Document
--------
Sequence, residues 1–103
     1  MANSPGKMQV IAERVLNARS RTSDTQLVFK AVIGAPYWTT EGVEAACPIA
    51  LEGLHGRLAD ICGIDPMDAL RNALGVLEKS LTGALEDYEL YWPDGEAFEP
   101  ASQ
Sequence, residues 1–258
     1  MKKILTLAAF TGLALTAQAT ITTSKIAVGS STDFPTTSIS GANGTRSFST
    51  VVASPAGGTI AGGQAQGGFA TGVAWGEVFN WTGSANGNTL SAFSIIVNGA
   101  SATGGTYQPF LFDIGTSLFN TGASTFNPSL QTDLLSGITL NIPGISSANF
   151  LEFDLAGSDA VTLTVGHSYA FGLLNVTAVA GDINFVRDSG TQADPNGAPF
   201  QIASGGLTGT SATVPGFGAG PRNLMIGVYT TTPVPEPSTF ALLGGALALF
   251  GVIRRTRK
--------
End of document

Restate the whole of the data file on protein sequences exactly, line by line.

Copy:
Sequence, residues 1–103
     1  MANSPGKMQV IAERVLNARS RTSDTQLVFK AVIGAPYWTT EGVEAACPIA
    51  LEGLHGRLAD ICGIDPMDAL RNALGVLEKS LTGALEDYEL YWPDGEAFEP
   101  ASQ
Sequence, residues 1–258
     1  MKKILTLAAF TGLALTAQAT ITTSKIAVGS STDFPTTSIS GANGTRSFST
    51  VVASPAGGTI AGGQAQGGFA TGVAWGEVFN WTGSANGNTL SAFSIIVNGA
   101  SATGGTYQPF LFDIGTSLFN TGASTFNPSL QTDLLSGITL NIPGISSANF
   151  LEFDLAGSDA VTLTVGHSYA FGLLNVTAVA GDINFVRDSG TQADPNGAPF
   201  QIASGGLTGT SATVPGFGAG PRNLMIGVYT TTPVPEPSTF ALLGGALALF
   251  GVIRRTRK